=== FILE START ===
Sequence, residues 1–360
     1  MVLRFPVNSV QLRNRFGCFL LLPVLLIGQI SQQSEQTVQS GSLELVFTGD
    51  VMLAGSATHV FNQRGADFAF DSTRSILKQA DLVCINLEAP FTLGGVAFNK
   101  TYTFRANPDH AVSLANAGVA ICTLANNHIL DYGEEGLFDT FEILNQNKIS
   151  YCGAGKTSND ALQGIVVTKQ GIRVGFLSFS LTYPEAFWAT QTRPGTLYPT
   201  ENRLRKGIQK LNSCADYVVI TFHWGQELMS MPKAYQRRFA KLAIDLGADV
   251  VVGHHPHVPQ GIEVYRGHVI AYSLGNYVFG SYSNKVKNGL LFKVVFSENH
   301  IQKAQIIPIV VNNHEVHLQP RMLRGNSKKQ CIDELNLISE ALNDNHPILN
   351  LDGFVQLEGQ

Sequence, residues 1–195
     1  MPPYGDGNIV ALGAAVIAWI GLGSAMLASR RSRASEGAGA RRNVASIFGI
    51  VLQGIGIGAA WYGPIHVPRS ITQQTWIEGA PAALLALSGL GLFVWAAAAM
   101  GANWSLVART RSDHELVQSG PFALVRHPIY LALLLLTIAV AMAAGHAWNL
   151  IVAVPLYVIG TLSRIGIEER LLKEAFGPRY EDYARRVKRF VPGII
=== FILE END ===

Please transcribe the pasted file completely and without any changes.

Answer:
Sequence, residues 1–360
     1  MVLRFPVNSV QLRNRFGCFL LLPVLLIGQI SQQSEQTVQS GSLELVFTGD
    51  VMLAGSATHV FNQRGADFAF DSTRSILKQA DLVCINLEAP FTLGGVAFNK
   101  TYTFRANPDH AVSLANAGVA ICTLANNHIL DYGEEGLFDT FEILNQNKIS
   151  YCGAGKTSND ALQGIVVTKQ GIRVGFLSFS LTYPEAFWAT QTRPGTLYPT
   201  ENRLRKGIQK LNSCADYVVI TFHWGQELMS MPKAYQRRFA KLAIDLGADV
   251  VVGHHPHVPQ GIEVYRGHVI AYSLGNYVFG SYSNKVKNGL LFKVVFSENH
   301  IQKAQIIPIV VNNHEVHLQP RMLRGNSKKQ CIDELNLISE ALNDNHPILN
   351  LDGFVQLEGQ

Sequence, residues 1–195
     1  MPPYGDGNIV ALGAAVIAWI GLGSAMLASR RSRASEGAGA RRNVASIFGI
    51  VLQGIGIGAA WYGPIHVPRS ITQQTWIEGA PAALLALSGL GLFVWAAAAM
   101  GANWSLVART RSDHELVQSG PFALVRHPIY LALLLLTIAV AMAAGHAWNL
   151  IVAVPLYVIG TLSRIGIEER LLKEAFGPRY EDYARRVKRF VPGII